Puberty In Males
Puberty (p̄u′ber-t̄e) is the sequence of events by which a child is transformed into a young adult. The reproductive system matures and assumes its adult functions, and the structural differences between adult males and females become more apparent.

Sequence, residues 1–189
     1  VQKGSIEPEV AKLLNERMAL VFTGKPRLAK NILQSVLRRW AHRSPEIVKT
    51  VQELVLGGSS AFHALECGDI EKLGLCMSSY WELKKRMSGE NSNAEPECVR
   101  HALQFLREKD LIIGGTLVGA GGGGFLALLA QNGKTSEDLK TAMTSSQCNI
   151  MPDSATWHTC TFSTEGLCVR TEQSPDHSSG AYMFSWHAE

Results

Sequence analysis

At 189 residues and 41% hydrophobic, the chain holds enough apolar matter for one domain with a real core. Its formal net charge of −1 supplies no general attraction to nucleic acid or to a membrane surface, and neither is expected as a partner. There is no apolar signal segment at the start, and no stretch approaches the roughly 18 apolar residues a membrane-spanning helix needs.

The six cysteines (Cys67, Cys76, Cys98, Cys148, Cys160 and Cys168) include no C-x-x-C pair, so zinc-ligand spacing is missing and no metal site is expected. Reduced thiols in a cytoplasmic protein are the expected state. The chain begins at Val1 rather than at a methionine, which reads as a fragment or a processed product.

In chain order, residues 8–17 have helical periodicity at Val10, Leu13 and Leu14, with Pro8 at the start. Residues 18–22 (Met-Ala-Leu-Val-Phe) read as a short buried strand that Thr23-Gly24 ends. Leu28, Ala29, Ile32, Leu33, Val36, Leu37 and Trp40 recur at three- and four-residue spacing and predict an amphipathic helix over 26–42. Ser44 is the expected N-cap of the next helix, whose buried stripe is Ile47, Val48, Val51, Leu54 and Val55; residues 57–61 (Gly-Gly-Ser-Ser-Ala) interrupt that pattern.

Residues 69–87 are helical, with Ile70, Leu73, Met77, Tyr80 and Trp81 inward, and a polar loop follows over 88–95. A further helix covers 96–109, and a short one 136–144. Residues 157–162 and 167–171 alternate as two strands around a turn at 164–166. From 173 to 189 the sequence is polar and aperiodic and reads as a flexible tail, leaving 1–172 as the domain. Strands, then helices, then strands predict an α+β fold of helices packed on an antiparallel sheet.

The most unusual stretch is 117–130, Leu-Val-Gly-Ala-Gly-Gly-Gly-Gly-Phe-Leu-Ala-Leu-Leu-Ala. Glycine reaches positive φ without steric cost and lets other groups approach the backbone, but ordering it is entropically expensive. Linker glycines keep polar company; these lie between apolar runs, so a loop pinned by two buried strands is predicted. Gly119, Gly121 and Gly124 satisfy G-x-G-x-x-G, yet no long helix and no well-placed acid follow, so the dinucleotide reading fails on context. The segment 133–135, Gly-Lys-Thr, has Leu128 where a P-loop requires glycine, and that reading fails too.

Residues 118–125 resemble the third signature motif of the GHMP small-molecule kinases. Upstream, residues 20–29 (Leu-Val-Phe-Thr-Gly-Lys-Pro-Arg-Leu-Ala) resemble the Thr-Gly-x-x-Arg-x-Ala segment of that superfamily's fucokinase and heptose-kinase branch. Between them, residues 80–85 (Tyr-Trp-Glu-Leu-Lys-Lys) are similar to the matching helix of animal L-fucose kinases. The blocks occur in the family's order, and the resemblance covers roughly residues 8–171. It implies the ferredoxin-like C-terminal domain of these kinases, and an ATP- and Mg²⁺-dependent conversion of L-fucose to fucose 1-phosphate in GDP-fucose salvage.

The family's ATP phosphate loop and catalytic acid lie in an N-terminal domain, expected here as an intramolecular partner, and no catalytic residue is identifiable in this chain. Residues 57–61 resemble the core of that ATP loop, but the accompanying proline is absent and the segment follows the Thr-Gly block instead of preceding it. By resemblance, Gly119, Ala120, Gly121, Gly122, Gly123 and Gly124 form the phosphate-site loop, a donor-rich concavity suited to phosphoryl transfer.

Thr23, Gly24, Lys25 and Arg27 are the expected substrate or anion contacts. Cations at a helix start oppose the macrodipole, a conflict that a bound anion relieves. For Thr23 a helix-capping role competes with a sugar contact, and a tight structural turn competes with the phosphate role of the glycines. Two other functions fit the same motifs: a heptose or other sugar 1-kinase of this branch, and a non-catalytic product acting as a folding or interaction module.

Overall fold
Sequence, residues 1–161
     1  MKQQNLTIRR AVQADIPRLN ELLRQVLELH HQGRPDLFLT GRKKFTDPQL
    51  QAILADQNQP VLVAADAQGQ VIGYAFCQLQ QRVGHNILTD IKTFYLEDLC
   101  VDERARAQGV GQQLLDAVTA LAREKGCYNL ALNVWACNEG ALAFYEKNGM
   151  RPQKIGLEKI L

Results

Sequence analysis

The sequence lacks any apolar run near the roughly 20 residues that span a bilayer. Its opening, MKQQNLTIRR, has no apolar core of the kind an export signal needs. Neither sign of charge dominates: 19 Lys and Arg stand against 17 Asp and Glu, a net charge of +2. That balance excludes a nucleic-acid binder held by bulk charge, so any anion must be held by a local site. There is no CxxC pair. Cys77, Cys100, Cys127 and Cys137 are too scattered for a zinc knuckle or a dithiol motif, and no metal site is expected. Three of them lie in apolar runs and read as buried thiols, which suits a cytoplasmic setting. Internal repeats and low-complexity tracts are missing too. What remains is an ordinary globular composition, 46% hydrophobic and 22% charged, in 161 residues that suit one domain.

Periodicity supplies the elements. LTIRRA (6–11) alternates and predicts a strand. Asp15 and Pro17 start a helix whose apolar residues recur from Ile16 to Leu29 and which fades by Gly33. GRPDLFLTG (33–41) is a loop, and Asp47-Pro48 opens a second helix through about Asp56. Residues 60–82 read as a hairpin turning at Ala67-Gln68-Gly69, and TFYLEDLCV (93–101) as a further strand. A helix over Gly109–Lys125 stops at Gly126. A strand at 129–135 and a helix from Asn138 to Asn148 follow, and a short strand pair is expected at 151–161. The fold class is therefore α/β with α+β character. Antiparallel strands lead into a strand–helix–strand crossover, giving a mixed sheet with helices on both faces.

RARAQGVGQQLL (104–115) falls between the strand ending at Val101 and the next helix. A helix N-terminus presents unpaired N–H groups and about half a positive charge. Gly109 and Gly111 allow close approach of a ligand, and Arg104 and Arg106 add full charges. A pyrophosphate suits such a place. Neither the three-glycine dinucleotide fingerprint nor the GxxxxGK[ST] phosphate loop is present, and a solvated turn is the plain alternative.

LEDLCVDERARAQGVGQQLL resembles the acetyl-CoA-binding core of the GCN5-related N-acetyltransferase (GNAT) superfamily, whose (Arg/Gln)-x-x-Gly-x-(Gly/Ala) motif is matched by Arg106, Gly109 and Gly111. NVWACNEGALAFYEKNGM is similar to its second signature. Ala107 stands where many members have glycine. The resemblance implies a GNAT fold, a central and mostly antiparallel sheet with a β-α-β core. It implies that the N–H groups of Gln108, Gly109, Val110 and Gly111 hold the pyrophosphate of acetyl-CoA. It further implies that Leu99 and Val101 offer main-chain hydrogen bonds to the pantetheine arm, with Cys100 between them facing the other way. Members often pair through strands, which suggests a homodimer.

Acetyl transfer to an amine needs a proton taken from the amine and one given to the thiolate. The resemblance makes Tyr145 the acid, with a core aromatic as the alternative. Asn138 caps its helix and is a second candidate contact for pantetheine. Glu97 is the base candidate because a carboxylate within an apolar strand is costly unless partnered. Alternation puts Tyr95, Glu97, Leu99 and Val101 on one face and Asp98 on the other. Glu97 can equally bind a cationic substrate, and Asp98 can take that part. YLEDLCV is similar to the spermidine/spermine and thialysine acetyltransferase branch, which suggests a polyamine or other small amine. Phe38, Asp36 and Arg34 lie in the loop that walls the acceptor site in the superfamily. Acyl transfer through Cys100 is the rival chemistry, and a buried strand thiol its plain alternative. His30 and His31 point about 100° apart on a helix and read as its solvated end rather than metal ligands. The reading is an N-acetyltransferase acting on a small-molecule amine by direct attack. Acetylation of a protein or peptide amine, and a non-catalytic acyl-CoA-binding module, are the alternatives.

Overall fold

In boys, puberty commonly begins between the ages of 12 and 14 and is largely completed by age 18. Before puberty, small amounts of testosterone, secreted by the testes and the adrenal cortex, inhibit GnRH, LH, and FSH secretion. Beginning just before puberty and continuing throughout puberty, developmental changes in the hypothalamus cause the hypothalamus and the anterior pituitary gland to become much less sensitive to the inhibitory effect of tes-tosterone, and the rate of GnRH, LH, and FSH secretion increases. Consequently, elevated FSH levels promote spermatogenesis, and elevated LH levels cause the interstitial cells to secrete larger amounts of testosterone. Testosterone still has a negative-feedback effect on the hypothalamus and anterior pituitary gland, but GnRH, LH, and FSH secretion occurs at substantially higher levels.